Stream/download it at Dull Tools’ bandcamp and preorder a copy at their bigcartel. While you’re there, buy Teenage Cool Kids’ incredible Denton After Sunset!


Here’s another great record I picked up for a few bucks at Amoeba. I fell in love with this band after they released When You’re In It a few years back but, for whatever reason, forgot to keep checking to see what these guys were up to. Last year, I stumbled upon their latest, Weird Life and was immediately reminded of how awesome these guys are.

These 6 songs find the band further expanding their catchy punk anthems. If you’d like to hear what the love-child of Glocca Morra, Kite Party, and Algernon Cadwallader would sound like and dig songs about dealing with post-college life with a glass-half-full attitude, you certainly should check this out. Also, be sure to order a copy from FSTT’s own Life on an Island records.

These dudes just got back from a short tour, but if you’re from the north east, be sure to catch one of their shows.


Buy? (try messaging ’em on FB?)


I spent the first part of my week out in SF for school. Luckily, my hotel was literally around the corner from Amoeba Records (also across from Golden Gate Park; the trip did nothing but reaffirm my love for that city). On Monday evening, I spent around 3 1/2 hours rummaging through their records and ended up snagging a few gems. I’ll be posting a few of them on the blog, but others on my list included:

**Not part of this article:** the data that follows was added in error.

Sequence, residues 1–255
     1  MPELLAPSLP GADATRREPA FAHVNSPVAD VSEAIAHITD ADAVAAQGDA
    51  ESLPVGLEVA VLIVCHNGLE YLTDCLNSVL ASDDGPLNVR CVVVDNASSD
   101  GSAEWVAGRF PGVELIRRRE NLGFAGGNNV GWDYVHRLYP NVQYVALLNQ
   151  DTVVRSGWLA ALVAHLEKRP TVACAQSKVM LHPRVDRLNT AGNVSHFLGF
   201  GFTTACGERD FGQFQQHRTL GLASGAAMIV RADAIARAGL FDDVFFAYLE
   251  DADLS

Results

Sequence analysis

Pg. 99/Reactor 7 Split 7″ – Document #3

Nana Grizol – Love It Love It

Rolling Stones –  In Exotic Honolulu Bootleg

Sainthood Reps – Monoculture 7″

Teenage Cool Kids – Denton After Sunset

Blind Willie McTell – Last Session

Boyd Rivers – You Can’t Make Me Doubt

Billy Childish and Sexton Ming – Here Come The Fleece Geese

Eric Burdon and the Animals – Everyone Of Us

The Babies – Cry Along With

For Serious This Time – Weird Life

Stirling Says – Balboa

Dr. Dog – Goner 7″

I paid a nearly criminal good price for this lot, despite the fairly hefty stack that I left with. I could have spent another few hours in there but I had my limit for one day.


Anyway, back to what this post is supposed to be about, Balboa by Stirling Says from San Francisco. This band somehow seems to have flown under everyone’s radar, despite this insanely catchy gem being put out by Adagio 830. Irrelevantly, this band also has ex-member(s?) of Funeral Diner. I had seen this floating around a few distros but for some reason never got around to really listening to it (even though I remember having it on my last computer). The artwork definitely doesn’t immediately command your attention. Upon purchase, I found a small 5×5″ card stock lyric sheet/photo and a black heavy-weight record. What the album lacked in impressive packaging, it easily made up for as soon as I put it on my turntable.